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Artificial insemination as alternative transmission route for African Swine Fever Virus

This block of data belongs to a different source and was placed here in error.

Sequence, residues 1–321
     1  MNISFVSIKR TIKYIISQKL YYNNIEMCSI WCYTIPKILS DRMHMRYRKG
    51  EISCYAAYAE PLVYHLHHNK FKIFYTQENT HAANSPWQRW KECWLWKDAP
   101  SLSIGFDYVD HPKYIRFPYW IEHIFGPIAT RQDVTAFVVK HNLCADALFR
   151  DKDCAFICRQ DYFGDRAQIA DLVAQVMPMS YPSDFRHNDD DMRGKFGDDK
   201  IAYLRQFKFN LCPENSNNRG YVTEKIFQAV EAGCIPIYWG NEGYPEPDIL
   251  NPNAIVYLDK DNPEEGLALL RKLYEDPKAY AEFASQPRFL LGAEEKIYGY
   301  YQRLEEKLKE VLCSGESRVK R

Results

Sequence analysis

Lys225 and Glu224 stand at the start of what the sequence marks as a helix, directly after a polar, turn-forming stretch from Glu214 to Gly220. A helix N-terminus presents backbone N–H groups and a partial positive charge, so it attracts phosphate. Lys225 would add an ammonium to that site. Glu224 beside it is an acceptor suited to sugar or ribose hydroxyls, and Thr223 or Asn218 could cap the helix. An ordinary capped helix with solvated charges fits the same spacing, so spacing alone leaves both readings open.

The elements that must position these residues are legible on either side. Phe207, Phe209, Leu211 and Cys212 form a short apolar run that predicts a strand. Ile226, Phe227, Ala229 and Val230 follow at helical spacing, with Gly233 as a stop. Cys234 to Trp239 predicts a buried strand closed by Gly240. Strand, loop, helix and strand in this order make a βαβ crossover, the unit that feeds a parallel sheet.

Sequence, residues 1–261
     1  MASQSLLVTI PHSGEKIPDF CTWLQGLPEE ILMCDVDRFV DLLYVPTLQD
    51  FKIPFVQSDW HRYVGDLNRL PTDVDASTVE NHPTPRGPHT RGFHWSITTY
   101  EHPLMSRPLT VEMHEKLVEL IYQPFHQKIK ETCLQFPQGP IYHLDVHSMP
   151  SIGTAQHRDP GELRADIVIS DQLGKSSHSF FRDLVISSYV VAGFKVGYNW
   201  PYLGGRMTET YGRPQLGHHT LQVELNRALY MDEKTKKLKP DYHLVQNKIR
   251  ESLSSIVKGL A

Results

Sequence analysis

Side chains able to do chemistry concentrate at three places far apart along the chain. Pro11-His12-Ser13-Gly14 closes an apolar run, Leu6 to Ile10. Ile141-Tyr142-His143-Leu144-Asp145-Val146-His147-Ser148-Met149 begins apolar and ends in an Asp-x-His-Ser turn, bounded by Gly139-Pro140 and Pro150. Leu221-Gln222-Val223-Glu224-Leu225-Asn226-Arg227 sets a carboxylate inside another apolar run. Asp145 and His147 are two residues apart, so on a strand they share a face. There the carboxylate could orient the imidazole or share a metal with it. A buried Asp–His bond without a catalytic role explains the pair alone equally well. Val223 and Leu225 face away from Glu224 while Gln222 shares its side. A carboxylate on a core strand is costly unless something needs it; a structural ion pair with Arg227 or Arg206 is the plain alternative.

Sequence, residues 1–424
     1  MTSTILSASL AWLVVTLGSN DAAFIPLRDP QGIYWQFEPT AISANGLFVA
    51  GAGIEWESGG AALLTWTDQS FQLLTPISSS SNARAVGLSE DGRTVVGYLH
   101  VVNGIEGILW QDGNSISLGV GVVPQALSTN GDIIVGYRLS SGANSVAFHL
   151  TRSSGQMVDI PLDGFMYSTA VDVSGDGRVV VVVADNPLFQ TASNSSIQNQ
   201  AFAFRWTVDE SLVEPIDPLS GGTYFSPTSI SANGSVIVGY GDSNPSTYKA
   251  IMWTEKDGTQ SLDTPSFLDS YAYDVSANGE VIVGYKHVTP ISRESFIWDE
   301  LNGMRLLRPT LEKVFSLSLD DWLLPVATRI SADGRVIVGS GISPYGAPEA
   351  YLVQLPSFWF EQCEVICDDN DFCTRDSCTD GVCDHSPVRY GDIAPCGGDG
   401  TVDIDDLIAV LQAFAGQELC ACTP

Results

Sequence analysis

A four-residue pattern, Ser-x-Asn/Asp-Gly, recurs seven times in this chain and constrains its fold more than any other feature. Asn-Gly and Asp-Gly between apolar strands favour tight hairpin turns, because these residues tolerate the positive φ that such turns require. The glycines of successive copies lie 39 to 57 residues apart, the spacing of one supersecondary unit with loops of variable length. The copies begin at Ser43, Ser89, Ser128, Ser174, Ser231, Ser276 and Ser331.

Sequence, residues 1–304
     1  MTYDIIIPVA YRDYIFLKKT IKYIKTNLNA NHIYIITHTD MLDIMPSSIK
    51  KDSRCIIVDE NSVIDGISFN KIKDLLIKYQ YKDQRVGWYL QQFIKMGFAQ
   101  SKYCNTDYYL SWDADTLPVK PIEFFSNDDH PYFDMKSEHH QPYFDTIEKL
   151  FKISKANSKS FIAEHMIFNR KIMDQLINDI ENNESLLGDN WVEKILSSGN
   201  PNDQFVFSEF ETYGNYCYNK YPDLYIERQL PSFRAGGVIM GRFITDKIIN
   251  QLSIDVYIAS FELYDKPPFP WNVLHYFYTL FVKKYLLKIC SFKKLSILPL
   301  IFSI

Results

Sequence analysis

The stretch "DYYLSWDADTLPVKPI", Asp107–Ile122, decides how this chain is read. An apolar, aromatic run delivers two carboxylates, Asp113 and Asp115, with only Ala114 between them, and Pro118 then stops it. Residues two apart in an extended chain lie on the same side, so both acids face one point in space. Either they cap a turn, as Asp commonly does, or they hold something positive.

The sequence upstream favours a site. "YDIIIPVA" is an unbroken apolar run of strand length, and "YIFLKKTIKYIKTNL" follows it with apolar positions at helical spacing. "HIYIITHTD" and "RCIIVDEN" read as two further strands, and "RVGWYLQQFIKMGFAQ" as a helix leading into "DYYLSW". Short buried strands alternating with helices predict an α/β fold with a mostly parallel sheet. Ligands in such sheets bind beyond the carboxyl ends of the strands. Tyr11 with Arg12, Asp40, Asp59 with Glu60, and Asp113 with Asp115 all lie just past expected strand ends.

The rapid spread of the African swine fever virus (ASFV), causing severe disease with often high fatality rates in Eurasian suids, prevails as a threat for pig populations and dependent industries worldwide. Although advancing scientific progress continually enhances our understanding of ASFV pathogenesis, alternative transmission routes for ASFV have yet to be assessed. Here, we demonstrate that ASFV can efficiently be transferred from infected boars to naïve recipient gilts through artificial insemination (AI). In modern pig production, semen from boar studs often supplies many sow herds. Thus, the infection of a boar stud presents the risk of rapidly and widely distributing ASFV within or between countries. Daily blood and semen collection from four boars after intramuscular inoculation with ASFV strain ‘Estonia 2014’ resulted in the detection of ASFV genomes in the semen as early as 2 dpi, in blood at 1 dpi while semen quality remained largely unaffected. Ultimately, after insemination with extended semen, 7 of 14 gilts were ASFV positive by 7 days post insemination, and all gilts were ASFV positive by 35 days post insemination. Twelve out of 13 pregnant gilts aborted or resorbed at the onset of fever. A proportion of fetuses originating from the remaining gilt showed both abnormalities and replication of ASFV in fetal tissues. Thus, we present evidence for the efficient transmission of ASFV to gilts via AI and also to implanted embryos. These results underline the critical role that boar semen could play in ASFV transmission.

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